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U.S. Supreme Court rejects secrecy in tax proceedings

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    News Media Update         WASHINGTON, D.C.         Secret Courts         March 10, 2005    

U.S. Supreme Court rejects secrecy in tax proceedings

  • The U.S. Tax Court, where taxpayers challenge the IRS, must disclose reports by special trial judges, the nation’s highest court ruled in reversing two federal appellate court decisions.

March 10, 2005 — The U.S. Supreme Court Monday invalidated the U.S. Tax Court’s “idiosyncratic” practice of concealing special trial judge reports from taxpayers who appeal the court’s rulings.

In a 7-2 decision, the high court held that the Tax Court’s rules do not allow it to shield such reports from the record during appeals. The decision reversed judgments from the 7th Circuit in Chicago and the 11th Circuit in Atlanta upholding the Tax Court’s practice.

Following a 1984 rule change, the Tax Court has withheld the reports as part of a collaborative effort between a special trial judge — an auxiliary officer named by the Tax Court’s chief judge to hear certain cases — and a Tax Court judge appointed to oversee such cases.

“The Tax Court’s practice of not disclosing the special trial judge’s original report, and of obscuring the Tax Court judge’s mode of reviewing that report, impedes fully informed appellate review of the Tax Court’s decision,” Justice Ruth Bader Ginsburg wrote for the majority.

The case marked a posthumous win for well-known tax lawyer Burton W. Kanter, who with two others was found liable for a $30 million tax deficiency in 1999, The New York Times reported. The Hollywood-connected Kanter, who died in 2001, and Prudential Life Insurance real-estate executives Claude M. Ballard and Robert Lisle were charged with conducting a kickback scheme in the 1970s and 1980s in which Prudential clients paid corporations controlled by Kanter. The payments were then distributed to the three men, who allegedly failed to report the income on their individual tax returns.

Kanter, Ballard and Lisle challenged the Internal Revenue Service’s charges to the U.S. Tax Court in Washington, D.C. The cases were consolidated, and the court appointed Special Trial Judge D. Irvin Couvillion to preside over the 1994 trial. Under Tax Court Rule 183, Couvillion submitted a post-trial report of his factual findings and his opinion to the Tax Court, which assigned Tax Court Judge Howard A. Dawson Jr. to review it.

In 1999, Dawson issued a Tax Court decision that said it “agrees with and adopts the opinion of” Couvillion and attached a 600-page document titled “Opinion of the Special Trial Judge.” Concluding Ballard, Kanter and Lisle had deceived the IRS, the Tax Court held them liable for underpaid taxes.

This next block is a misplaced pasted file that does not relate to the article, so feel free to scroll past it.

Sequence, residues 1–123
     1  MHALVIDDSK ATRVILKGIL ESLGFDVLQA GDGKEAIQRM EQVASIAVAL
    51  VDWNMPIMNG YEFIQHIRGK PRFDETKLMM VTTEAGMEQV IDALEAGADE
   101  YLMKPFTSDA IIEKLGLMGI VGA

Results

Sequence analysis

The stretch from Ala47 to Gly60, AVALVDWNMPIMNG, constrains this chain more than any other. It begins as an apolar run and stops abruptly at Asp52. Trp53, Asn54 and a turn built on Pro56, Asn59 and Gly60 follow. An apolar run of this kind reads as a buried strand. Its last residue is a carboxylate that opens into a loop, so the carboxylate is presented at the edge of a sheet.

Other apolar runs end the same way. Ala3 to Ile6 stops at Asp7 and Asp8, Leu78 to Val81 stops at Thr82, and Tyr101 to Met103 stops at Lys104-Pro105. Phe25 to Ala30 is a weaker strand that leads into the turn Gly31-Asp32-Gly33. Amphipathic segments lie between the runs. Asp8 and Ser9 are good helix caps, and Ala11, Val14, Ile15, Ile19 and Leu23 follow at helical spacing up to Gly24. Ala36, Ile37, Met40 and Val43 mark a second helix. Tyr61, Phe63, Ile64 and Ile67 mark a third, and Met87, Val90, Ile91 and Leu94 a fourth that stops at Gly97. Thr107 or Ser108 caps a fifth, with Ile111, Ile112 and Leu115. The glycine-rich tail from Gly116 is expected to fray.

Kanter’s attorney, Randall G. Dick, later learned that the opinion did not reflect Couvillion’s original report. In a sworn statement, Dick said two other Tax Court judges told him Couvillion actually had found that Ballard, Kanter and Lisle did not owe certain taxes or penalties, but that Dawson had changed Couvillion’s findings.

The businessmen then asked the Tax Court for Couvillion’s original report or, alternatively, permission to place it under seal in the record of appeal. The request was denied. The parties appealed to three different federal appeals courts, based on where they lived. The Fifth, Seventh and Eleventh circuits agreed with the IRS that Couvillion’s signature on the Tax Court’s final decision meant it reflected his report, and that the original report was confidential. Ballard and Kanter appealed to the U.S. Supreme Court.

The high court rejected the conclusions of the federal appeals courts. Instead, it determined that nowhere in Rule 183 does it say the Tax Court can treat the special trial judge’s original report “as a draft subject to collaborative revision.” Moreover, the Tax Court’s own rules require it to generally defer to the findings of the special trial judge, who was the one to hear the testimony and observe the witnesses.

“One would be hard put to explain . . . how a final decisionmaker, here the Tax Court judge, would give ‘[d]ue regard’ to, and ‘presum[e] to be correct,’ an opinion the judge himself collaborated in producing,” the Supreme Court ruled.

The IRS had argued in support of the practice, which the Court noted was “curious” given that it enabled the Tax Court to shield findings by a special trial judge that favored the government rather than the taxpayer.

Taxpayers use traditional courts to battle the IRS if they sue to recover paid taxes. People who want to contest IRS determinations before paying use the U.S. Tax Court, according to The Associated Press.

(Ballard v. Commissioner of Internal Revenue; Attorney for Petitioners: Stephen M. Shapiro, Chicago, Ill.)KK


© 2005 The Reporters Committee for Freedom of the Press

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